Iowa

Mekhi Sargent is Iowa's leading rusher with 329 yards on 70 attempts and two touchdowns this season.

LINCOLN — On the bright side, Iowa never has to wear those bright-yellow Arena Football League uniforms again. That kind of look isn’t a lucky charm after scoring 12 points in a huge home game.

The Hawkeyes (4-2, 1-2 Big Ten) lost 17-12 last Saturday to undefeated Penn State. It was a respectable loss to a good team, the kind that still leaves Iowa in the Top 25, where it belongs based on defense alone.

Yet it was Iowa’s second straight loss to a Big Ten blue blood — Michigan prevailed 10-3 the week before — and it put a spotlight on the Hawkeye offense. There is, almost annually, a spotlight on the Hawkeye offense for one reason or another.

Iowa has run the ball 60 times in the past two weeks, gaining 71 yards — 60 for 71! The ugliness of that number can be attributed, in part, to 10 sacks for a loss of 82 yards over two weeks.

But 50 carries for 153 yards isn’t much to write home about, either. That points to an Iowa offensive line that many expected to be the league’s best. Well, they’re wrong. Ohio State’s is. But Iowa may not be top three. Perhaps not even top five. It’s un-Iowa-like.

“At some point in the season, somebody is not going to let you run it, you got to throw it, and vice versa,” Iowa coach Kirk Ferentz said this week. “You got to be able to do both to be a successful team, unless you live off the option or throw it every snap of the game.”

Ferentz noted, too, that Iowa faced two very good defenses in those losses. He’s right. Iowa’s defense held firm, too.

Iowa plays a creamed-corn style of offense — top three in the conference in time of possession in 2018 and 2019 — that naturally helps its defense face fewer snaps. Iowa’s defense is facing 57 snaps per game; Nebraska’s is facing 72.9.

But that formula only works if Iowa runs the ball with its backs. The Hawkeyes lean on three guys — Mekhi Sargent, Toren Young and Tyler Goodson — who tend to get the ball equally. That trio averages roughly 28 carries for 150 yards — 5.34 yards per carry — per game. Every time Iowa gets that? Chalk up a win.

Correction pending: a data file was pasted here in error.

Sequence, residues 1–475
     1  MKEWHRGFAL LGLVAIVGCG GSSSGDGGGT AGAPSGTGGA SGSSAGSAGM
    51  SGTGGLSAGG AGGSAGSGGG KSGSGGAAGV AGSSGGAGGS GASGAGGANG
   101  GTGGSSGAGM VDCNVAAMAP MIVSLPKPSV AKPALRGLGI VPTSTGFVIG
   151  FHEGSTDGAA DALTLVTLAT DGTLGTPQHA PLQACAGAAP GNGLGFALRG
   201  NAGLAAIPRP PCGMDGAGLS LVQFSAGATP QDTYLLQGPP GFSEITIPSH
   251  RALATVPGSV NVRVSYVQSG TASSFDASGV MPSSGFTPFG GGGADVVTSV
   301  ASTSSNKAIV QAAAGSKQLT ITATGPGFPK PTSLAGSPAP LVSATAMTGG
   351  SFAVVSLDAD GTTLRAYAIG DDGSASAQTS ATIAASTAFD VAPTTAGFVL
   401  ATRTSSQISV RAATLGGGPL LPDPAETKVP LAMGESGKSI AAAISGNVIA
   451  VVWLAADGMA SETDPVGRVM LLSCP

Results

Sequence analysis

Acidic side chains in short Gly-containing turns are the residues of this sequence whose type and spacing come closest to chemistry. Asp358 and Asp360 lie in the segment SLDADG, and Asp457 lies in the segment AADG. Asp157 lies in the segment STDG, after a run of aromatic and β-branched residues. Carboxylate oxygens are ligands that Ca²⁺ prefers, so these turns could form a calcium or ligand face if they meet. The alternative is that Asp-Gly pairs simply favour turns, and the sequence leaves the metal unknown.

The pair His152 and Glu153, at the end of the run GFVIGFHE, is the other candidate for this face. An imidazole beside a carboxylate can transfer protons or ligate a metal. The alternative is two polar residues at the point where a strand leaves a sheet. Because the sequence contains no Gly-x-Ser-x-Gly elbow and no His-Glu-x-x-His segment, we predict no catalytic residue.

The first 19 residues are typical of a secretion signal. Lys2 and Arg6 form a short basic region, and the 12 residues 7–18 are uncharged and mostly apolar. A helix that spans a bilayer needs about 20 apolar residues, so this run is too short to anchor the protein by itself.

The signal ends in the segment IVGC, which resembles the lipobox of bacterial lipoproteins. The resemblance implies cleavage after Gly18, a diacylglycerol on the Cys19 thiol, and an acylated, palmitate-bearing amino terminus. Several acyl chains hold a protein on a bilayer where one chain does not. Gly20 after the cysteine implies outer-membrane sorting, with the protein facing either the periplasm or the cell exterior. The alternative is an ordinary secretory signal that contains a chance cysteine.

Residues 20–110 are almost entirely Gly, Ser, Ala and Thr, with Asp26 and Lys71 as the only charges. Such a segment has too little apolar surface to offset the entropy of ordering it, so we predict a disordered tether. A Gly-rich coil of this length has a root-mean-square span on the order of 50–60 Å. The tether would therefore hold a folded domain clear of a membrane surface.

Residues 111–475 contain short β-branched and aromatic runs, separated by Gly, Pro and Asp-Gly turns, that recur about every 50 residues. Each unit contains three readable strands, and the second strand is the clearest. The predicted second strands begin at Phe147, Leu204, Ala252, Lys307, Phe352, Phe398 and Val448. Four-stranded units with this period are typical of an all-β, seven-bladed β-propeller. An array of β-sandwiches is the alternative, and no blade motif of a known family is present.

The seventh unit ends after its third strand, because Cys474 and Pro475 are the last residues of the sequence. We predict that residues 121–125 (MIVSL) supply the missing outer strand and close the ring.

Now Purdue (2-4, 1-2) comes to town. The Boilermakers allow 4.63 yards per carry, are bashfully young on both sides of the ball and rely almost exclusively on their pass game for offense. They’ve also beaten Iowa two straight times.

That streak ends Saturday. Iowa is favored by 17 ½ points, which seems high. I still like the Hawkeyes to win.

My pick: No. 23 Iowa 31, Purdue 17

Other Big Ten picks

*excluding Friday night's Ohio State-Northwestern game

No. 16 Michigan (5-1, 3-1) at No. 7 Penn State (6-0, 3-0)

6:30 p.m., ABC

This is a marquee game with a pretty fat point spread. That speaks to the unevenness of Michigan’s offense against a Penn State defense that packs a big punch. PSU is also an awfully hard place to play at night. Imagine spending all day in State College.

Line: Penn State by 9

My pick: Penn State 24, Michigan 10

No. 20 Minnesota (6-0, 3-0) at Rutgers (1-5, 0-4)

2:30 p.m., BTN

Line: Minnesota by 28½

The Gophers may let down a little bit after a blowout of Nebraska, but Rutgers isn’t much of a match even against a letdown. Rutgers has scored 71 points all season.

My pick: Minnesota 35, Rutgers 7

No. 6 Wisconsin (6-0, 3-0) at Illinois (2-4, 0-3)

11 a.m., BTN

The Badgers spent a month at home — five straight games — then go on the road to play at ... Illinois. Pretty sweet life right there.

Line: Wisconsin by 31

My pick: Wisconsin 45, Illinois 7

Indiana (4-2, 1-2) at Maryland (3-3, 1-2)

2:30 p.m., BTN

Maryland is a wild card — up and down on offense, consistently poor on defense. Indiana is sort of the opposite. But Indiana has the better quarterback in Michael Penix over whomever Maryland chooses to play between Josh Jackson (high ankle sprain) and Tyrrell Pigrome.

Line: Indiana by 5½

My pick: Indiana 35, Maryland 27

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